Some members of the party have been upset because they believe the governor has not been progressive enough and they're unhappy with Cuomo's support for business-friendly tax cuts and charter schools.

Cuomo did not attend the contentious meeting, but he did send a pre-produced video, and some of the party members booed when he later phoned in some comments.

Zack Seward / WXXI

Now that the major political party conventions are over, state officials are shifting their focus back to the remaining issues in the legislative session, which ends in four weeks. But politics are still front and center in the session's waning days.

The spotlight will continue to be on Gov. Andrew Cuomo in the final weeks of the session, and whether he achieves the three major items he laid out in his acceptance speech to delegates at the party convention.

“We must pass a Women’s Equality Act, public finance, and a Dream Act,” Cuomo told a cheering crowd. “And we will!”

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There’s about two months left in the legislative session and a number of issues are still left on the agenda. But it’s uncertain how many of them will actually become law.

Gov. Andrew Cuomo, who’s failed to achieve a number of progressive items over the last two years, including public campaign finance reform and a Women’s Equality Act, told the Democratic Rural Conference that he’ll try to get them passed in the state legislature in the next eight weeks, before the session ends in June.

Karen DeWitt/WRVO News

Supporters of Dream Act legislation say they were “set up,” when a hastily arranged vote on the bill in the New York State Senate chamber late Monday led to the measure’s failure by just one vote.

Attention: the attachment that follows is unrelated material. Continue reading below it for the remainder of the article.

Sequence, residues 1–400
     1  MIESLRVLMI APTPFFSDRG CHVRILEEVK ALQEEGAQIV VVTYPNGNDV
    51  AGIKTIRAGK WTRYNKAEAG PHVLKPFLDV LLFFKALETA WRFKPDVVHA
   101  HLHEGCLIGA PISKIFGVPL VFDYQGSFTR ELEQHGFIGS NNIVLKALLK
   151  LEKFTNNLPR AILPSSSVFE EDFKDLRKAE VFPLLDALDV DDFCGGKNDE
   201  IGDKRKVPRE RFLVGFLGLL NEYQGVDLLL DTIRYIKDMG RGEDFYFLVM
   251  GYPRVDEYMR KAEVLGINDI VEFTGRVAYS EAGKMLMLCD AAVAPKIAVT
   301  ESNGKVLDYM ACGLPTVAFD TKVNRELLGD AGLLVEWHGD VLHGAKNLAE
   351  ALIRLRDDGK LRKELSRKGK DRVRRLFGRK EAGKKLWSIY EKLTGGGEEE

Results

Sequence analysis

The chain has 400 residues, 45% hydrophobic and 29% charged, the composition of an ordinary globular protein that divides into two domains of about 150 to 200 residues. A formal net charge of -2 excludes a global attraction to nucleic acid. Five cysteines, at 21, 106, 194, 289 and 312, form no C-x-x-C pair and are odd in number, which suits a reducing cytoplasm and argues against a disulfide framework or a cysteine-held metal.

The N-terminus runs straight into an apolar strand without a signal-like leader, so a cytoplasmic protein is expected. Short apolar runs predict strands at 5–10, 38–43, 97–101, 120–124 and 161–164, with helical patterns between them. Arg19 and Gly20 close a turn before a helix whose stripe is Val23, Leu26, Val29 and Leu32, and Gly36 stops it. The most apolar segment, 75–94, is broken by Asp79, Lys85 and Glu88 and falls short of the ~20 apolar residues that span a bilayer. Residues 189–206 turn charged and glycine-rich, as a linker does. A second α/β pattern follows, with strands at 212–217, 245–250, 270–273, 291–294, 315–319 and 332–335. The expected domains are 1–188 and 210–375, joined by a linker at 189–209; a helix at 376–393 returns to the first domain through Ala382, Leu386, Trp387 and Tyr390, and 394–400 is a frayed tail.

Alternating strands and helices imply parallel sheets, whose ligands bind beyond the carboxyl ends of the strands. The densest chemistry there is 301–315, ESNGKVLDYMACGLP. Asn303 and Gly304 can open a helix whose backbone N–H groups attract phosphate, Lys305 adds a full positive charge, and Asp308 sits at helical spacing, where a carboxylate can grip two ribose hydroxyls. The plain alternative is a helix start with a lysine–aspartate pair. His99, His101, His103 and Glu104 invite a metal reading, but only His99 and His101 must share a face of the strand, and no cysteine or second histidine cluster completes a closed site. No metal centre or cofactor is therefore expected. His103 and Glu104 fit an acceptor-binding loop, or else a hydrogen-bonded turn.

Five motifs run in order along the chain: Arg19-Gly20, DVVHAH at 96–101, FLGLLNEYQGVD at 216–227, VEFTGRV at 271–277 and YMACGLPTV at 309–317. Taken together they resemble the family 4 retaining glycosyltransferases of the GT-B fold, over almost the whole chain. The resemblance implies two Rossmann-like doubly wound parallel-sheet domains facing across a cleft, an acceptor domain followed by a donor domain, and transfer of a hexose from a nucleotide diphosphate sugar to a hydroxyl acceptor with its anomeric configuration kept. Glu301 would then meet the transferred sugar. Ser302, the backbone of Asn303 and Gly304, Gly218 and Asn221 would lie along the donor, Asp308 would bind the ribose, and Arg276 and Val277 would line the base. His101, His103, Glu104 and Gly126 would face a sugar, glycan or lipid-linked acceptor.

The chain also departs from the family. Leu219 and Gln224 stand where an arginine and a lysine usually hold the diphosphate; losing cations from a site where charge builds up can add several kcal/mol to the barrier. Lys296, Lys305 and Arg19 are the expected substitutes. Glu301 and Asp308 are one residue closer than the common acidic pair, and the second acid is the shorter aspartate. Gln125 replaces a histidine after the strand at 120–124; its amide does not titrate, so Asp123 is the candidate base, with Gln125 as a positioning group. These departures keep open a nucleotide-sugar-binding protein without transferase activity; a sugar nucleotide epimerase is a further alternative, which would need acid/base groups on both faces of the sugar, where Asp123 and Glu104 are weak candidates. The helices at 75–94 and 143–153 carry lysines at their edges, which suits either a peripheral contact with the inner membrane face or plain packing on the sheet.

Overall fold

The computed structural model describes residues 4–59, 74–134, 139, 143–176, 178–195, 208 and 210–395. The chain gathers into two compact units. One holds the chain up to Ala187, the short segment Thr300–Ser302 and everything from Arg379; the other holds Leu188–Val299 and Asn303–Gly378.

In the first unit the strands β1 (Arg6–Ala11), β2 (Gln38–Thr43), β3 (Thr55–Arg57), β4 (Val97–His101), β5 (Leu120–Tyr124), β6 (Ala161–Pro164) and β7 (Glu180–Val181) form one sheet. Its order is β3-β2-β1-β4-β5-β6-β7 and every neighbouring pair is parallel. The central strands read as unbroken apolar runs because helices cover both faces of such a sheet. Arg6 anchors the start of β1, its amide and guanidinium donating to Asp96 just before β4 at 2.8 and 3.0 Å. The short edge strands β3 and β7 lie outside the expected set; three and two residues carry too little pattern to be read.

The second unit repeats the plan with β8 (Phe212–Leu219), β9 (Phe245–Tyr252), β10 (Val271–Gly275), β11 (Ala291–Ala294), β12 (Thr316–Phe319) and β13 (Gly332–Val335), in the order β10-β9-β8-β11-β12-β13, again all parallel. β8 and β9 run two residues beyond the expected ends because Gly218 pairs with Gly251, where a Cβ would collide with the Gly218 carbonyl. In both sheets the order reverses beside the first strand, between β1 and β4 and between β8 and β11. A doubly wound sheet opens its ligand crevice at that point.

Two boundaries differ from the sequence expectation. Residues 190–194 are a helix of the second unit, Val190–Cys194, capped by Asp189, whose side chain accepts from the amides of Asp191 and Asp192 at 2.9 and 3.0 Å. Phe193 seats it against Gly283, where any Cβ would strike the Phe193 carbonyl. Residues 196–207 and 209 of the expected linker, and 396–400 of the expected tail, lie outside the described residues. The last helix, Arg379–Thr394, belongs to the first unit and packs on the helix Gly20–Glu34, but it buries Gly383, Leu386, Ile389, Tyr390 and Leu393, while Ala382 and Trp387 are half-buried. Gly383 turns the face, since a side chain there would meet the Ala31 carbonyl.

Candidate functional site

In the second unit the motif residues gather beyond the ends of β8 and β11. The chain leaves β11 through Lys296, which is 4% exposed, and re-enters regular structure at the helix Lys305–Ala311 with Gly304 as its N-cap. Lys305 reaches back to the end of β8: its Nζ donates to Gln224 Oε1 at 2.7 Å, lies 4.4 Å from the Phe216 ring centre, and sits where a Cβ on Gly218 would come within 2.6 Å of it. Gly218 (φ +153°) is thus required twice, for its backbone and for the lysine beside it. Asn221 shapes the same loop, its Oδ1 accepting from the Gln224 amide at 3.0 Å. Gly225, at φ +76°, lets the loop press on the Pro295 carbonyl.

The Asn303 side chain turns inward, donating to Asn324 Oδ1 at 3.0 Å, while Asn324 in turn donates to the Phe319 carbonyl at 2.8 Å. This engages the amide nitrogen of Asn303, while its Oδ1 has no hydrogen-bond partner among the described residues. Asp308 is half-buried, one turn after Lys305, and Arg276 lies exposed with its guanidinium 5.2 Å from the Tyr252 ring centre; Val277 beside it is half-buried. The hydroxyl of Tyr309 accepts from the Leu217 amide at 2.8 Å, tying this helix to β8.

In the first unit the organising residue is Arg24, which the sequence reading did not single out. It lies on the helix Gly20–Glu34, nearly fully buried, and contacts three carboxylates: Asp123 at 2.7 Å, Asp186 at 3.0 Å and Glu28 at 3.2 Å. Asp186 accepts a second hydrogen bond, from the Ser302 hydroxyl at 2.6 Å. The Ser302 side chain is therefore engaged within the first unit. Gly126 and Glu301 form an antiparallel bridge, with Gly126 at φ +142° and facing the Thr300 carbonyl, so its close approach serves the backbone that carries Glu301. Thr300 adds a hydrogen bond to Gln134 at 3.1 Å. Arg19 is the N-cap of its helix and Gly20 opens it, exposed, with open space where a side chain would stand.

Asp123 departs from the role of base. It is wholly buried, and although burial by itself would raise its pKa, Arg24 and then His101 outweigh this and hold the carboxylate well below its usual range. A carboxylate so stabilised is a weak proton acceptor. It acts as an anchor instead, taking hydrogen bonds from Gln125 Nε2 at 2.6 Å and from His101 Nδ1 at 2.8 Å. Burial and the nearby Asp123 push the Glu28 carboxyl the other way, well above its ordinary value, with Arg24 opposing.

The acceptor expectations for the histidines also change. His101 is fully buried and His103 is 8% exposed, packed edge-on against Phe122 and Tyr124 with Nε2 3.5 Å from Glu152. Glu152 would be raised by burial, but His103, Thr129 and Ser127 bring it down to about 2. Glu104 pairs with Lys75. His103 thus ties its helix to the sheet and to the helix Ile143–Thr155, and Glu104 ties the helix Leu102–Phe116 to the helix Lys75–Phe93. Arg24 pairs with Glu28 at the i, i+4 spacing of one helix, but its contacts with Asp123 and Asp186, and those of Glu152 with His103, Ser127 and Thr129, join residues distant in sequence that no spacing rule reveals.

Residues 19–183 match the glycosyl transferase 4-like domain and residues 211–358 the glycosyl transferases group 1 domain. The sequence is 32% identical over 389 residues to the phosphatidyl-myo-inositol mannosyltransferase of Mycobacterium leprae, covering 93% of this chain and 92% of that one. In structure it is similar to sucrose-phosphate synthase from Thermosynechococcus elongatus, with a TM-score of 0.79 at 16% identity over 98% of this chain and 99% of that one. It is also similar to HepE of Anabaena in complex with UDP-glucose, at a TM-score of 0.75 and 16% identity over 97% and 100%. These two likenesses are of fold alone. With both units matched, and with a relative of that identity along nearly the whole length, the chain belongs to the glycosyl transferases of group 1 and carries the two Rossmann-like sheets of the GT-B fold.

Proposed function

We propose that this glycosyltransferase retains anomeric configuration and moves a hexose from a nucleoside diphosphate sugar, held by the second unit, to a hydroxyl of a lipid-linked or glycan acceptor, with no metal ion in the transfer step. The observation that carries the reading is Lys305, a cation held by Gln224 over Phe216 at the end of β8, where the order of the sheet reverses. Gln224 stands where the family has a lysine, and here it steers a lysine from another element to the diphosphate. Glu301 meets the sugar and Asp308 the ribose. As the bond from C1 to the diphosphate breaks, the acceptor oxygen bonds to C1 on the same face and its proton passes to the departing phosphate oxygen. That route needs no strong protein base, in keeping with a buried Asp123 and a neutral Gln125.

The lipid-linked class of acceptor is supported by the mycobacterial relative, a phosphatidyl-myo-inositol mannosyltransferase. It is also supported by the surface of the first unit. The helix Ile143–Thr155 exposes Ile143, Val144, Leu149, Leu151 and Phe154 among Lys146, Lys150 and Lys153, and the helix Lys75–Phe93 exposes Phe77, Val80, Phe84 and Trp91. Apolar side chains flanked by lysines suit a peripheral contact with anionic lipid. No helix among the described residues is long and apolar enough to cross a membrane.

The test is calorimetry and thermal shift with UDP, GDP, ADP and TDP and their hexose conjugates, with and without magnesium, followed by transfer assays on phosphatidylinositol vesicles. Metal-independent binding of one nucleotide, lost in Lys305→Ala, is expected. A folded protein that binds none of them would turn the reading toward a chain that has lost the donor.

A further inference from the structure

The focus is now shifting to Gov. Andrew Cuomo. Backers say they will try to get the governor to put the measure into the state budget.

Supporters of the measure to give state aid for college tuition to children of undocumented immigrants say they are disappointed and saddened that the measure lost in the Senate by just one vote.  

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The Dream Act is dead for now in New York state, after the state Senate voted down the measure that would have granted college tuition aid to the children of undocumented immigrants. The 30 to 29 vote defeating the Dream Act left leaders of rival Democratic factions pointing fingers.

Senate Independent Democratic Conference Leader Jeff Klein , who is in a ruling coalition with the Republicans, says he’s disappointed that two Democrats joined the GOP to vote no on the bill to allow tuition aid for children of undocumented immigrants.

Karen Dewitt / WRVO

Assembly Democrats passed a one-house version of the Dream Act, a bill to give college aid to the children of undocumented immigrants, and urged the Senate to follow suit.

Assembly Speaker Sheldon Silver, who calls the Dream Act a top priority, blamed opposition among Senate Republicans for the measure’s failure to advance in the upper chamber. And he says the breakaway Independent Democrats in the Senate, who are in a coalition government with the GOP, need to work to bring the bill to the floor for a vote.

The New York State Senate held a rare Sunday session at the Capitol, in an attempt to get the state budget finished on time in the midst of major religious holidays.